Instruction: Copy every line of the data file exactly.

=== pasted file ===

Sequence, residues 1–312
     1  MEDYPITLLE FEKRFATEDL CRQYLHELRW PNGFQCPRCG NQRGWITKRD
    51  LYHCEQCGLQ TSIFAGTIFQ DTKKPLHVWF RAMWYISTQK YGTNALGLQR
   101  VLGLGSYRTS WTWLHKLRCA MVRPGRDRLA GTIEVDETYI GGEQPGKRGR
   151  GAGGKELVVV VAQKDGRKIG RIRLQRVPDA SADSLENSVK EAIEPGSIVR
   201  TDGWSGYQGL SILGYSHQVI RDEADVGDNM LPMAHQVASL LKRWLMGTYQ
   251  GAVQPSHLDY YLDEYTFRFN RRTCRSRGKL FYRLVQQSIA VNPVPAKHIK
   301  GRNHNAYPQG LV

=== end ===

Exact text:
Sequence, residues 1–312
     1  MEDYPITLLE FEKRFATEDL CRQYLHELRW PNGFQCPRCG NQRGWITKRD
    51  LYHCEQCGLQ TSIFAGTIFQ DTKKPLHVWF RAMWYISTQK YGTNALGLQR
   101  VLGLGSYRTS WTWLHKLRCA MVRPGRDRLA GTIEVDETYI GGEQPGKRGR
   151  GAGGKELVVV VAQKDGRKIG RIRLQRVPDA SADSLENSVK EAIEPGSIVR
   201  TDGWSGYQGL SILGYSHQVI RDEADVGDNM LPMAHQVASL LKRWLMGTYQ
   251  GAVQPSHLDY YLDEYTFRFN RRTCRSRGKL FYRLVQQSIA VNPVPAKHIK
   301  GRNHNAYPQG LV